It wasn’t until I was all alone in the dressing room that I started to cry.
What can I say? I’m a weeper, and I knew there was no way that I was going to make it through the end of The Crucible without one of my trademark emotional moments. Most of the emotion was relief: that our gamble of six performances had paid off, that we had put together an artistic product that was powerful and meaningful, that I had learned all of the notes.
How fortunate I am to live my dreams. Making art with people I love is a dream for me (as Willie Nelson said, “the life I love is making music with my friends” – truer words were never sung). Most of my dreams are things I don’t recognize until they have come true. When I started at grad school I wasn’t thinking to myself “I hope I make a life-long friend at orientation. I hope she starts a small opera collaborative and I get roped into it despite initial skepticism. Then I hope that I am asked to be president of that group, work tirelessly with other musicians to keep it running, develop my skills as I learn a few roles, and transition into PR. Finally, I hope that 4 years from now I am standing on the altar in a huge Boston church wearing whiteface and faking demonic possession.”
But all those things happened and it has become a dream for me, even when it has been a nightmare. And although as I look forward in my life there are things I would like to see, I don’t dare hang my hat on those plans because what comes my way tends to be more life-giving than anything I can imagine on my own. What has served me well so far is to get up every morning excited to face the day, and to say yes to as much as I can.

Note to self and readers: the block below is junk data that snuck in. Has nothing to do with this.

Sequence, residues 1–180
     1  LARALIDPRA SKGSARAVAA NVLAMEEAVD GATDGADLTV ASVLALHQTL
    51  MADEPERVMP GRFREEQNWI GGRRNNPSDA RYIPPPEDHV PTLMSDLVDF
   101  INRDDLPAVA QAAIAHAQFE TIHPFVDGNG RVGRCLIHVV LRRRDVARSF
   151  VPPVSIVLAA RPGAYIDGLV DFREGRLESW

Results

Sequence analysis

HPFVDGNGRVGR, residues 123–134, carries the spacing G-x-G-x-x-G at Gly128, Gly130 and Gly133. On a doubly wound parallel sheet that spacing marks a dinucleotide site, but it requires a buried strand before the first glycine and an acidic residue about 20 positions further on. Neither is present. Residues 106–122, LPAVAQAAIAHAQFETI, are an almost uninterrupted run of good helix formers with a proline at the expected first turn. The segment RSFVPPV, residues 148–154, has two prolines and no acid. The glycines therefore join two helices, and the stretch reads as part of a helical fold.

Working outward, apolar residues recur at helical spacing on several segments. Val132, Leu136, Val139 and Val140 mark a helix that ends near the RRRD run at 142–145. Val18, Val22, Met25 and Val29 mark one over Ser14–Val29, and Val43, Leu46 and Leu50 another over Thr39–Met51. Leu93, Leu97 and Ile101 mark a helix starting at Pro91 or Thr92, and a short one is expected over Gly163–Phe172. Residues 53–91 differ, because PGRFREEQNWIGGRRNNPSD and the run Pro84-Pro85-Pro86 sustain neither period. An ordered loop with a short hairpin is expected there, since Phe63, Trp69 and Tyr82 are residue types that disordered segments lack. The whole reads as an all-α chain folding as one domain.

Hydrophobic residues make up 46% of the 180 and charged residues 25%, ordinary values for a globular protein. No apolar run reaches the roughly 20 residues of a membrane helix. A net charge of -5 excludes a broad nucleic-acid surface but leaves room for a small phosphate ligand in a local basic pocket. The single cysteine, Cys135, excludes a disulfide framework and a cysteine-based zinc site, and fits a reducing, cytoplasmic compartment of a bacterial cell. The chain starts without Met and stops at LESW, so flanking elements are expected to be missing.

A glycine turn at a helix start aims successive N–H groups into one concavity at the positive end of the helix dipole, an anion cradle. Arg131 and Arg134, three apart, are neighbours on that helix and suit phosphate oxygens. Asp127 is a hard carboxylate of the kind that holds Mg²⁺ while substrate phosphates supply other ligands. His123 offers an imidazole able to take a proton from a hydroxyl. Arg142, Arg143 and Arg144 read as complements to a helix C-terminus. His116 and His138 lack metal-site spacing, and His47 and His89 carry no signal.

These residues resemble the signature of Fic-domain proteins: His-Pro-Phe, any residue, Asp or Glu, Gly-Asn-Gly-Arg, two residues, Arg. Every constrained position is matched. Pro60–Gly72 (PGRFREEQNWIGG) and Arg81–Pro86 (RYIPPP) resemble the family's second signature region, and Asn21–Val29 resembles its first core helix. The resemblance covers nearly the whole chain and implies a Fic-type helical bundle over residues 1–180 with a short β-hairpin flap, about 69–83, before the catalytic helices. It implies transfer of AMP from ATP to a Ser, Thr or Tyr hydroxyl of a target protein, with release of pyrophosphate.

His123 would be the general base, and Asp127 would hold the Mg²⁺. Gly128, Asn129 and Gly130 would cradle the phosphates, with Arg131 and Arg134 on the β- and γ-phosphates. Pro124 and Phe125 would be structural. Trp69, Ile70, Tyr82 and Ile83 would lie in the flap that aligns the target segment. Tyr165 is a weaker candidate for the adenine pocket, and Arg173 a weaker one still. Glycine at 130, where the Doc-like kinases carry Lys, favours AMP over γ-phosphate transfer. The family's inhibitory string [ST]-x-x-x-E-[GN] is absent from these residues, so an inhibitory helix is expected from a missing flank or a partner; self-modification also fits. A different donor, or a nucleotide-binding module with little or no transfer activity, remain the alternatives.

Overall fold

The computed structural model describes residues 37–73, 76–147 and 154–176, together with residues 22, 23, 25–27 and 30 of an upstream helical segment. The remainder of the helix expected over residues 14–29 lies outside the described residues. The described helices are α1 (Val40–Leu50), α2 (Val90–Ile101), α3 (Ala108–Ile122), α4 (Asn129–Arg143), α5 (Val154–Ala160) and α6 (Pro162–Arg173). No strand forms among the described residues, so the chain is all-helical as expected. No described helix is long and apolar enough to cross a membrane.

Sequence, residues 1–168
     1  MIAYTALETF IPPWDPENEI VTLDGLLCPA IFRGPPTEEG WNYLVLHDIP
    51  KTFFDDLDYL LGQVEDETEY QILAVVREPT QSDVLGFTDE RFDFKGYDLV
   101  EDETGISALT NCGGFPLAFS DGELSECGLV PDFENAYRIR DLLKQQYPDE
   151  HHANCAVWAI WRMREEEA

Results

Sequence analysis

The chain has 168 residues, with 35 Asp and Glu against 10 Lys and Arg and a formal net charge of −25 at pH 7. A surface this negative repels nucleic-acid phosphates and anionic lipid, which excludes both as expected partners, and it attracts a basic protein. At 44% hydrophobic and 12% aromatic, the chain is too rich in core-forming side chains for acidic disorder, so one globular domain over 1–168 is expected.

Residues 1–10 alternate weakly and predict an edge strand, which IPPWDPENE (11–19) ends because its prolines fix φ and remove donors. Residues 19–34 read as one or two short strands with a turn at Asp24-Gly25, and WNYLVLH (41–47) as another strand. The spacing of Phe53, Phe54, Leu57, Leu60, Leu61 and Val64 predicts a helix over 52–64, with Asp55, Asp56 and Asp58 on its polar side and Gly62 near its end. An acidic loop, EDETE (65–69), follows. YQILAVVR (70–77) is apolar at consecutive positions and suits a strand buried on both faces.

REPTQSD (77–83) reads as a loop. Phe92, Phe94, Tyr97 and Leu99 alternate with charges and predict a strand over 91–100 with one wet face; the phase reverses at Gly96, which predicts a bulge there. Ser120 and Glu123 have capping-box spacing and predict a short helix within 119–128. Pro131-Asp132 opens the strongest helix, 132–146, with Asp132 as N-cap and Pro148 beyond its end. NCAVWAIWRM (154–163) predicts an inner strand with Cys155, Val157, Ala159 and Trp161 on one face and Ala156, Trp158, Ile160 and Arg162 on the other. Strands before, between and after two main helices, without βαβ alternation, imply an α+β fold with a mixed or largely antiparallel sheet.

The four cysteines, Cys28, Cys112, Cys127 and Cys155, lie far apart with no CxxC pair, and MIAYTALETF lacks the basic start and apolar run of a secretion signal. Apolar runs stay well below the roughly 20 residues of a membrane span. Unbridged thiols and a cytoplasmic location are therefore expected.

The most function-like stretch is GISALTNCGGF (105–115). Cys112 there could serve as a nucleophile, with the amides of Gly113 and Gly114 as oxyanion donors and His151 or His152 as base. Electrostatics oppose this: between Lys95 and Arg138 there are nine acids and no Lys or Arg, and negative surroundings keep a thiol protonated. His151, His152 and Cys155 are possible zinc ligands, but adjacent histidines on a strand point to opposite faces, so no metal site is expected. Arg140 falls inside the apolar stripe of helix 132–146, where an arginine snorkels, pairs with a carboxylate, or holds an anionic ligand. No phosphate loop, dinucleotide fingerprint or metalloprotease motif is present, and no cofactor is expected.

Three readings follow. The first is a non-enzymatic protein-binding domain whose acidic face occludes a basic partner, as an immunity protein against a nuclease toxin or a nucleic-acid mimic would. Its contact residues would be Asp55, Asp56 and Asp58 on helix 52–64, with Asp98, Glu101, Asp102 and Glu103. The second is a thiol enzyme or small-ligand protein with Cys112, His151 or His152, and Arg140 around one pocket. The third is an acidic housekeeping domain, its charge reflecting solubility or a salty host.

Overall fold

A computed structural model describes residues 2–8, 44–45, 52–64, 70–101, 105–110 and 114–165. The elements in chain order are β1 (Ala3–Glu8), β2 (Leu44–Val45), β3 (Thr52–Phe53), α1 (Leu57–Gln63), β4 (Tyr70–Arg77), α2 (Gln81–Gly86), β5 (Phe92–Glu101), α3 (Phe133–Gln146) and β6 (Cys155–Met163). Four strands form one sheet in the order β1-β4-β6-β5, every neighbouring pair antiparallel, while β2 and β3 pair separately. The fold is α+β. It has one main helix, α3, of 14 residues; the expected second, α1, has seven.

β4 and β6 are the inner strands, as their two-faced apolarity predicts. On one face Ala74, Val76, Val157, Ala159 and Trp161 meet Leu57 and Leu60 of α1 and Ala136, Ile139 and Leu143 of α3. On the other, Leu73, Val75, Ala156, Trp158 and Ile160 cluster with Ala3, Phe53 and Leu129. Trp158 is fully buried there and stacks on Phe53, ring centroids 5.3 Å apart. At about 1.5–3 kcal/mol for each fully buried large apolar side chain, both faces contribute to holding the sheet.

My dream and hope is in that ‘yes’ – to learning a new instrument, to joining a new group, to taking on a new project, to coffee with a new friend. “Yes” is my agreement every day to live in communion with and service to other people. “Yes” is my affirmation that all things can be new, that I can change as the tides do rather than splashing futiley against them. “Yes” is when I throw my lot in with everyone else: yes I will help you. Yes I will join you. Yes I will contribute.
There are times when the only way to affirm our own needs is to say no – or what looks like no on the surface. Likewise there are times that my will does what my heart would not, and “no” issues from my lips in response to a question or action that has at its root a question like “can you help me? Do you care for me? Are you in solidarity with me?” Those moments shame me.
Can you learn this role in a week? Can you send a resume over for this position? Can you plan a prayer service for us? Do you want to join a new opera collaborative? These are the questions that I hear, to which I answer yes. Maybe these questions are a disguise for the bigger questions. Are you alive? Can you change? Are you ready to put your money where your mouth is? Yes.
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